2015 03 – Letter from Italy

Listening to Italy

by Orecchiette


Sergio Mattarella was elected Head of State and President of the Republic of Italy at the fourth ballot on 31 January 2015. The electorate for Presidential elections comprise the full Upper and Lower Houses of Parliament, plus regional representatives. The constitutional procedure requires a series of ballots. The majorities needed for a successful election reduce from 2/3 on the first ballot to a simple majority on the fourth. The first three were not really taken seriously by any group except Beppe Grillo’s M5S. Ferdinando Imposimato, a Magistrate and Honorary President of the Supreme Court of Italy, was the internal M5S’s on-line ballot choice for Presidential candidate, with 32% of their members’ votes. The 78 year old M5S member has been involved in important anti-mafia cases and both he and Mattarella have had a brother killed by the mafia. He also believes that the FBI were aware of the presence of the 9/11 terrorist group in America and did not share this information with the CIA.

The first three ballots showed Imposimato to be the highest scorer with 120, 123 and 126 votes. Mattarella received a curious 5, 4 and 4. The credible candidate Romano Prodi received 9, 5 and 3. A large number of suggested presidential candidates were written in each time and well over 500 scheda bianca, or blank ballot papers appeared with each of the ballots. During the progress of the first three ballots the serious horse trading was obviously proceeding in the background. The final result was Mattarella winning the fourth ballot with 665 votes, or 66% of the votes. Imposimato gained a consistent 127, while Prodi’s votes declined to 2. But who gave the single vote to ex-President Napolitano? By then he must have been planning his ninetieth birthday celebrations with a feeling of enormous relief.

Sergio Mattarella is a 73 year old Sicilian judge known for devising the system of electoral reform named after him: the Mattarellum. He is a quiet man, with determination and a reputation of being able to separate himself from party politicking. He was a member of the Christian Democrats and towards the left.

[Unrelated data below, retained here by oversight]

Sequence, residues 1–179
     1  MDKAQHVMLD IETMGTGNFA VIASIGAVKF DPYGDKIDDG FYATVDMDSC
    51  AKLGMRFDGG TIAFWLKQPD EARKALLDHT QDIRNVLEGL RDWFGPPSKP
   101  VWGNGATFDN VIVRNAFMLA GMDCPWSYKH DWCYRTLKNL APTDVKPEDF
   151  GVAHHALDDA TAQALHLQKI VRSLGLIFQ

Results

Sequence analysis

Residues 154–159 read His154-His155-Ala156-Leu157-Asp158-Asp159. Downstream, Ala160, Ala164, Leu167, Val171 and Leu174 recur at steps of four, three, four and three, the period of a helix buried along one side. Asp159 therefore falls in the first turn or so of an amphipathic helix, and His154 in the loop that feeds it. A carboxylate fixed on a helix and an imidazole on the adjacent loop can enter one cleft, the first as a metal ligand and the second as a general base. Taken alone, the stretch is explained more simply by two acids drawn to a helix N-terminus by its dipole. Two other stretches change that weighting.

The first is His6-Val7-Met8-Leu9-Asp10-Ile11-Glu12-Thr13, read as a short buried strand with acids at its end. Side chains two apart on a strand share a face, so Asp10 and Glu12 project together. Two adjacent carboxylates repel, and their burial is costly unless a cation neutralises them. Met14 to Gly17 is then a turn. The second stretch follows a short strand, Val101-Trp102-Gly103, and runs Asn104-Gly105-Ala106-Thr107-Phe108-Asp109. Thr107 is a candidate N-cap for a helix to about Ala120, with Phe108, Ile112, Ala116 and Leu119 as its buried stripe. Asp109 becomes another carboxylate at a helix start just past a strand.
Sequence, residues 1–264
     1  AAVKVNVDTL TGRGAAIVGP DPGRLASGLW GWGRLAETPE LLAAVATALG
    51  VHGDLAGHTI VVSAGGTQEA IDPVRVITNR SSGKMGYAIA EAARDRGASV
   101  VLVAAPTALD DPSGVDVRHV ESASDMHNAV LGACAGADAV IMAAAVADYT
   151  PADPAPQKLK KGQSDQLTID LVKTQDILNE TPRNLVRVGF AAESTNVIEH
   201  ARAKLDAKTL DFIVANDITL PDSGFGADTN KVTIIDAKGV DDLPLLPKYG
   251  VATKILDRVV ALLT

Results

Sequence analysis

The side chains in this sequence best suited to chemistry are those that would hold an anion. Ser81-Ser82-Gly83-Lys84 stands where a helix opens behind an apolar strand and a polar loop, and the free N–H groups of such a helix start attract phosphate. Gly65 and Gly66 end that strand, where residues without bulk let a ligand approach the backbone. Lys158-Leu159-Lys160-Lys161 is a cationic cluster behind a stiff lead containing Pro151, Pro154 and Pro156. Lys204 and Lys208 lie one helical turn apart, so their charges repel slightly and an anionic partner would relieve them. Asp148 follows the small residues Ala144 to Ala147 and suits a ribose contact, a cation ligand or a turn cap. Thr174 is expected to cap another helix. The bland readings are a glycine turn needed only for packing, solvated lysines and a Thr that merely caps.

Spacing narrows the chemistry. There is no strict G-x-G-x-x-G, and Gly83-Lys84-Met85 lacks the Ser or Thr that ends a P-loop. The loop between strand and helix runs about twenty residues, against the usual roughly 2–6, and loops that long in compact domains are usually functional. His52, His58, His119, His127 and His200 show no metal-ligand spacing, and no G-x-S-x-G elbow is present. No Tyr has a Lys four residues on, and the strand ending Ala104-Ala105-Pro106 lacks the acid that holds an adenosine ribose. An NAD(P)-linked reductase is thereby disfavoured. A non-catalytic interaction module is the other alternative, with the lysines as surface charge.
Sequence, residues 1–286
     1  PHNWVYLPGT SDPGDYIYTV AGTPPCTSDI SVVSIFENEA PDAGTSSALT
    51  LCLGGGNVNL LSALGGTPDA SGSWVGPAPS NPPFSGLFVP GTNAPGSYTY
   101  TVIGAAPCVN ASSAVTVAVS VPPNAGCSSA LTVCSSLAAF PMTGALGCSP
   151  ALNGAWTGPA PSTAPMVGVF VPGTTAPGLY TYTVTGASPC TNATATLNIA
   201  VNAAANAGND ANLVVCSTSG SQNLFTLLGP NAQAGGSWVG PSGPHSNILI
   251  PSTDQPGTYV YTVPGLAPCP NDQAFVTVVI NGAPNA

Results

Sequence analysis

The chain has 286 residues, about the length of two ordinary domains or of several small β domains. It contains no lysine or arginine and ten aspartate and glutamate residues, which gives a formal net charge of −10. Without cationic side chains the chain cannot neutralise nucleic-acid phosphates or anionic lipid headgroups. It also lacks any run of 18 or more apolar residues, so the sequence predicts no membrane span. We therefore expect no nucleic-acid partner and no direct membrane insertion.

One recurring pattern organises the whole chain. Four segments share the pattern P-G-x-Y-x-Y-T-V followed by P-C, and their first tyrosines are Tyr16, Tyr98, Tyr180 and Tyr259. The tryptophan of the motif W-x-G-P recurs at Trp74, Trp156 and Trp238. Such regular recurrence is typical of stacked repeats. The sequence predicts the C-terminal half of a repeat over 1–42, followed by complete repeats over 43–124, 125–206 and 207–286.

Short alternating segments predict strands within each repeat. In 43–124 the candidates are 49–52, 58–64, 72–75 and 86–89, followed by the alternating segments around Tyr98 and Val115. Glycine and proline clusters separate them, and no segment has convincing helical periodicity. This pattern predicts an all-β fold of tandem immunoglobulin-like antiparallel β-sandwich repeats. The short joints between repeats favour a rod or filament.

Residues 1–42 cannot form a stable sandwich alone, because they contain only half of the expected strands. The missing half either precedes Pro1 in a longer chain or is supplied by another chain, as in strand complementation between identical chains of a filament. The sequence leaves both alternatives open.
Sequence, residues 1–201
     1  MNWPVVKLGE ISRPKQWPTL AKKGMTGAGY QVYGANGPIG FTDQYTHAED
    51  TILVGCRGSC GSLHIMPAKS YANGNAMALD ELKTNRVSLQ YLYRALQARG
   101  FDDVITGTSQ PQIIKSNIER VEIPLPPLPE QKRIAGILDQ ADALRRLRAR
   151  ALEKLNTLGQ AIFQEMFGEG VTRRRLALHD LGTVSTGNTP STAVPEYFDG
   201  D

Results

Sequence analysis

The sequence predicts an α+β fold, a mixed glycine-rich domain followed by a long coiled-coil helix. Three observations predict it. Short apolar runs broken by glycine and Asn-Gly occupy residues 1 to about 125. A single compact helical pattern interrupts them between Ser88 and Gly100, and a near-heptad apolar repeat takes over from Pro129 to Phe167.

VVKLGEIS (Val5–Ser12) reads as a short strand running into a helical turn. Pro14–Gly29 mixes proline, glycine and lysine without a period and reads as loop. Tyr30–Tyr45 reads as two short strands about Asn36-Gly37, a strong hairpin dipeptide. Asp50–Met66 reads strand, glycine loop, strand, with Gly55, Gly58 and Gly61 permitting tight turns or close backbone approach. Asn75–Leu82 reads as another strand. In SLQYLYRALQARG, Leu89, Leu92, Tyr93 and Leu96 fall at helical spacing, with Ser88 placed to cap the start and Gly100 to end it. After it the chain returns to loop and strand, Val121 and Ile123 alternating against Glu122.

Matteo Renzi’s Nazareno pact with Silvio Berlusconi, predictably unpopular with the left of his party, played an important part in the election. The name comes from the Italians’               metonymic way of naming something after the place where it was agreed. The via del Nazareno is a street in Rome. The pact’s finer details were always kept secret but the result was that Berlusconi supported Renzi in parliamentary votes. But Berlusconi couldn’t countenance supporting Renzi’s choice of Mattarella for President because he had challenged his increasingly monopolistic commercial media interests in the past. Berlusconi told his Forza Italia group, Fi, to vote against Mattarella. He was also expecting his former deputy Angelino Alfano, who had formed the Ncd (New Centre Right), to follow his line. In the end the pull of Renzi was stronger and Alfano voted for Mattarella, as did several members of Berlusconi’s own party.

Berlusconi managed to organise a neat piece of spying on his party’s voting performance. It is possible to see on camera the difference in the time taken by an abstainer to fold a blank voting paper, and compare it with the time taken to write in a name. In this way Silvio managed to organise a clear tally of those who had chosen not to follow his diktat and be whipped. After this cracks began to open up in Berlusconi’s territory of the right and he was seen to be humiliated.

Renzi and Berlusconi’s Nazareno pact was mutually beneficial while it lasted. It gave Renzi additional votes to push through unpopular legislation while Berlusconi was able to declare and feel that he was at the centre of power. Renzi’s shrewd choice of Mattarella was partly made to appease rebels in his party, at the same time as knowing that it would break the by now counter-productive Nazareno pact. Its end represented a second humiliation for Berlusconi. Then, Berlusconi had also to swallow his pride and congratulate the new President Mattarella.